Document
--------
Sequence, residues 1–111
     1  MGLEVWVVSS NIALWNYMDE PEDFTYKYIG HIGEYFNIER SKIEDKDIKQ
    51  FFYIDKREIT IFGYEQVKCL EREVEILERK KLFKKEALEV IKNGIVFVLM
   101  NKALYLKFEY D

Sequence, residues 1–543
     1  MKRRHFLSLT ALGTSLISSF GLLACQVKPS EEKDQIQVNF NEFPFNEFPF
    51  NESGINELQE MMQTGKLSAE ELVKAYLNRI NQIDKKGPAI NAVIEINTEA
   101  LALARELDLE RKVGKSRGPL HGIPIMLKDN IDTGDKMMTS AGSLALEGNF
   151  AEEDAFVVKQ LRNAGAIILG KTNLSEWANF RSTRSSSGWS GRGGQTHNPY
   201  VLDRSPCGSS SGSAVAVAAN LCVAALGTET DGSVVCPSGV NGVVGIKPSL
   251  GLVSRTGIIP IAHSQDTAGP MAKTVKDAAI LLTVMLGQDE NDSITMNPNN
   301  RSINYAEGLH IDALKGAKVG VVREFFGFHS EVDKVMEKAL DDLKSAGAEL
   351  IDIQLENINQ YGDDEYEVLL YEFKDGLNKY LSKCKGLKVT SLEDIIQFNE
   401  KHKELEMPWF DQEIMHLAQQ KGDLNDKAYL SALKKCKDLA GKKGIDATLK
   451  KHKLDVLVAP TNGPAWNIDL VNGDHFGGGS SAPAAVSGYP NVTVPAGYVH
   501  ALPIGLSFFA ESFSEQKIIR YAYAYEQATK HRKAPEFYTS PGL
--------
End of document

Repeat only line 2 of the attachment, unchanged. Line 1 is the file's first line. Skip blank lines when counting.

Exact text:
     1  MGLEVWVVSS NIALWNYMDE PEDFTYKYIG HIGEYFNIER SKIEDKDIKQ